My View: Trump plan to sell BPA lines misguided
On May 23, the White House fiscal 2018 budget included a cryptic entry for the sale of the Bonneville Power Administration's transmission assets. The proposed revenues from the sale are only 80 percent of the value of the assets being sold.
This raises the question of why these valuable assets should be sold at a discount — and who would get the benefit of the discounted price. If the sale goes through, it also will raise novel regulatory issues.
In the most likely scenario, the proposed sale could increase transmission rates by 44 percent. In a less likely scenario, the Federal Energy Regulatory Commission might be persuaded to reduce the assessed value of the transmission assets to the proposed sale price, since the Trump administration proposes to sell the transmission system at a loss. This would still result in a likely transmission rate increase of 26 percent, due to the higher rate of return demanded by a private owner. Cumulative rate impacts are likely to be $475 million in 2019, increasing annually thereafter.
BPA provides power to the greater Pacific Northwest region, serving 300,000 square miles and over 13.5 million people. It is a self-funded organization operating roughly 75 percent of the region's transmission lines, delivering power at cost to the Northwest.
The White House has proposed selling off BPA twice before, under presidents Reagan and Clinton. In the mid-1990s, the Republican-led House of Representatives proposed the same policy. Each attempt was unsuccessful, as BPA is popular across the political aisle in the area it serves.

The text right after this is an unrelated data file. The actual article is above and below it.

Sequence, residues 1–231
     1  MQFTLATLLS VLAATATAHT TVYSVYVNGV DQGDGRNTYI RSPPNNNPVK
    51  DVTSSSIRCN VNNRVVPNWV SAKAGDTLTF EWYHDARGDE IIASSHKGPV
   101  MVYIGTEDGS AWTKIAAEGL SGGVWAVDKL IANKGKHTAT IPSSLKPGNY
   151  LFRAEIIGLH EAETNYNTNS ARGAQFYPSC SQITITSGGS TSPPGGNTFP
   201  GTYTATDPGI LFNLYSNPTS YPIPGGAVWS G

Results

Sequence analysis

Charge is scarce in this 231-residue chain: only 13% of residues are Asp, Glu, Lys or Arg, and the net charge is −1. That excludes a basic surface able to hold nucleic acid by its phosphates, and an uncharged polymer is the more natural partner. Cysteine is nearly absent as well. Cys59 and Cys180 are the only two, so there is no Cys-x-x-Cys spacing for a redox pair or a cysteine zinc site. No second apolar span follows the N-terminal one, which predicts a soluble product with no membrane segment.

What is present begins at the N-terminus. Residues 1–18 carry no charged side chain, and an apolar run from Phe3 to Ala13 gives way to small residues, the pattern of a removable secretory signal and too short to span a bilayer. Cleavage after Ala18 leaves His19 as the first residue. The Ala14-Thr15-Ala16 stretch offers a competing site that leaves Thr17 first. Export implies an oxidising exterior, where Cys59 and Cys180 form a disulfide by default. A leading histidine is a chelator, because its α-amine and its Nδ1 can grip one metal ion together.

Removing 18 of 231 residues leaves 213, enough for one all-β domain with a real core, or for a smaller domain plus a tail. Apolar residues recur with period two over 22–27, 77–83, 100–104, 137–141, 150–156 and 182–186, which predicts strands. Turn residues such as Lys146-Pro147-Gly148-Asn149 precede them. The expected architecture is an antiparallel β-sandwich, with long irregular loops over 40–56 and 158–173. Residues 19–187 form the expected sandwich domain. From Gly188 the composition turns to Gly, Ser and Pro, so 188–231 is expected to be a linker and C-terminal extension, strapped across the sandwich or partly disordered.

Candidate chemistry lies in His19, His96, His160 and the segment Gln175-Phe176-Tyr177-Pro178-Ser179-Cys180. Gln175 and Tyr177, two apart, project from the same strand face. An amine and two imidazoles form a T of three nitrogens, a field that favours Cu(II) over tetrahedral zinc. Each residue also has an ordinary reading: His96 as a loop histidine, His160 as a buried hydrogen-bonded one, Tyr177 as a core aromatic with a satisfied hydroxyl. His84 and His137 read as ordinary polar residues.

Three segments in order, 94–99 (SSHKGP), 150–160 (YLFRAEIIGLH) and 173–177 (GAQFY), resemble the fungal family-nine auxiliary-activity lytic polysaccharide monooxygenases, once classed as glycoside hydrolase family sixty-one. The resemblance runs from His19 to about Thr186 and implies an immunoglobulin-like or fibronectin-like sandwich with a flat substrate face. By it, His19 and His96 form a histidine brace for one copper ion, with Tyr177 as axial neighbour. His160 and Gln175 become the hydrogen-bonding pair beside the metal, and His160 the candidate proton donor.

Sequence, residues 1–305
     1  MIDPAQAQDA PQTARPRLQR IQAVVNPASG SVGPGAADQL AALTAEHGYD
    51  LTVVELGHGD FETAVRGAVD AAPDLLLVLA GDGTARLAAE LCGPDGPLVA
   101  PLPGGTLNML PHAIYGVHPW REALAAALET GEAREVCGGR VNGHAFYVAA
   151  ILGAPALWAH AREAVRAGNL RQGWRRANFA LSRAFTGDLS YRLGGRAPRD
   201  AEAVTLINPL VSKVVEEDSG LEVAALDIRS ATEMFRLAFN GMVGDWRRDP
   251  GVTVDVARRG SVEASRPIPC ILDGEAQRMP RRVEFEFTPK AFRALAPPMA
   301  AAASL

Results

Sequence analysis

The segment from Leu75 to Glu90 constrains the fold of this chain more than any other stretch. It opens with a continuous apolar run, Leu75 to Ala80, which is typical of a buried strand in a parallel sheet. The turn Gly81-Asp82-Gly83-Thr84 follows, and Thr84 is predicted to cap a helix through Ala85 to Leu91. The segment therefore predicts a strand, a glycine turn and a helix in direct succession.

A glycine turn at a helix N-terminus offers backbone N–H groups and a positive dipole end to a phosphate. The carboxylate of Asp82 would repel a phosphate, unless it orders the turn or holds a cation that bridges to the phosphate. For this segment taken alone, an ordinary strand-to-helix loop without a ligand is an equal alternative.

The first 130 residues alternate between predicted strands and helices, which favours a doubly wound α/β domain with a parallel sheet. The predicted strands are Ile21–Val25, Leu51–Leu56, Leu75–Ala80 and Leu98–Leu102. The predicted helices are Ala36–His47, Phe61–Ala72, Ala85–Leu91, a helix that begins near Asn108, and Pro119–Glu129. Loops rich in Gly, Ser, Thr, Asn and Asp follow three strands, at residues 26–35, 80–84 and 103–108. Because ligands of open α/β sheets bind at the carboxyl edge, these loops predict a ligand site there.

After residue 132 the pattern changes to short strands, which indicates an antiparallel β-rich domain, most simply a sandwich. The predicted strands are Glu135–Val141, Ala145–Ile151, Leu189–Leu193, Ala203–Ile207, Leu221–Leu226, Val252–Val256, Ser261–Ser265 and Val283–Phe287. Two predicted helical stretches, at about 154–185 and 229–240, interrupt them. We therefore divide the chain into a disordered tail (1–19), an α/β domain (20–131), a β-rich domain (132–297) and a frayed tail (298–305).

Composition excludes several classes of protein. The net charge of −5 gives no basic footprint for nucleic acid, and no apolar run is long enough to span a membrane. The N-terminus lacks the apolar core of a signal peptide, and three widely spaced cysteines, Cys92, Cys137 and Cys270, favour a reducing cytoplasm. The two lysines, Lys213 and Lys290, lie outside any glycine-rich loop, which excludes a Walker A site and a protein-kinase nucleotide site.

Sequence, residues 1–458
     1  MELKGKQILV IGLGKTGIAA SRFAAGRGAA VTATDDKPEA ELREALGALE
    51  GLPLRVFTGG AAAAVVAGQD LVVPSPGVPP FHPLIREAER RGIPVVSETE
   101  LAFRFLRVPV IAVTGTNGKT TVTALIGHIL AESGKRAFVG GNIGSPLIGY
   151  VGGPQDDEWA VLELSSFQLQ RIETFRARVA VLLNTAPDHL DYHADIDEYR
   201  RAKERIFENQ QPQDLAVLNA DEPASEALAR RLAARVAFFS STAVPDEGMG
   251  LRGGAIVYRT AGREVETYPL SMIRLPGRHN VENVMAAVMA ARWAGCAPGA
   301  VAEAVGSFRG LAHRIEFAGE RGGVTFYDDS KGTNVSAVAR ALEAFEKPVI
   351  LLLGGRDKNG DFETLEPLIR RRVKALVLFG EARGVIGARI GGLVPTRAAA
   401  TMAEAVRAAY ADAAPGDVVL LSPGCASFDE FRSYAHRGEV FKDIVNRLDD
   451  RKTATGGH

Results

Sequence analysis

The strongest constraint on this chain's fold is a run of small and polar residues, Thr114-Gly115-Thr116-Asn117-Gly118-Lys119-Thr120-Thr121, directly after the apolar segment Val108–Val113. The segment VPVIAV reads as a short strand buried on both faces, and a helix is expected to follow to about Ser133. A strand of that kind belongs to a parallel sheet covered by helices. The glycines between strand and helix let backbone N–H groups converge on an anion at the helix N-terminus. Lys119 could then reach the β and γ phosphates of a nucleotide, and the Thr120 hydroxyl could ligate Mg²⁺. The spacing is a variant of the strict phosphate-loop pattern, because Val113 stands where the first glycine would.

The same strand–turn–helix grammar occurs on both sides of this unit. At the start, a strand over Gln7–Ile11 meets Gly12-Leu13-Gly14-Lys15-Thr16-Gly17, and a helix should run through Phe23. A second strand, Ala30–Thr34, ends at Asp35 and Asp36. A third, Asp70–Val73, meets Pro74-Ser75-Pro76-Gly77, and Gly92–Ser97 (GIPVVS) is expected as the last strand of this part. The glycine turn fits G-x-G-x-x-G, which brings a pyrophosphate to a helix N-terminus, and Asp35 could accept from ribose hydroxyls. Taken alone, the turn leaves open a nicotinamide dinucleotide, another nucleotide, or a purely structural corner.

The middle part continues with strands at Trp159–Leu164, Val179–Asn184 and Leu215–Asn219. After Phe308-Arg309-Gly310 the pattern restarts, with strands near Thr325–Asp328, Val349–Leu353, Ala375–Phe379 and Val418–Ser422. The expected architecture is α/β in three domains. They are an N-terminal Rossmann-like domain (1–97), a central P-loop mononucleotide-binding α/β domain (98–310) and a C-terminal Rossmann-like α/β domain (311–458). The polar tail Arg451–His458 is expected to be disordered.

Although the push to privatize BPA is not new, it has provoked swift condemnation from a number of organizations and politicians, including the Portland-based Public Power Council, the Seattle-based NW Energy Coalition, and Oregon Sen. Ron Wyden, D-Portland.
Privatization of BPA would increase costs for consumers. BPA currently sells and delivers its power at cost; under a private regime, an investor-owned utility would likely want a higher rate of return.
Consider the rates of return for BPA and another major Northwest transmission operator, PacifiCorp. Based on recent financial reports, BPA will have a rate of return of 3.03 percent in 2019. PacifiCorp currently enjoys a rate explicitly set at 7.53 percent. This is over twice the rate of return on transmission that BPA earns — even before considering income taxes, which government entities like BPA do not pay.
Even if rates were not expected to increase, the sale of BPA would constitute a wealth transfer from Northwest ratepayers to the U.S. Treasury. It is a self-funded department, taking no money from the federal government. Since the federal government has not paid for BPA's assets, selling them would come at the Northwest's expense.
Privatizing the Pacific Northwest's largest transmission system, and selling it at a loss, would be detrimental to ratepayers across the region. Transmission rate increases of 26 percent to 44 percent would be passed directly to industrial and residential consumers. Selling BPA's transmission assets also would create problems of market power, anti-competitive behavior, and poor service to rural locations. Politicians, industry groups, and ratepayers are correct to criticize this proposal.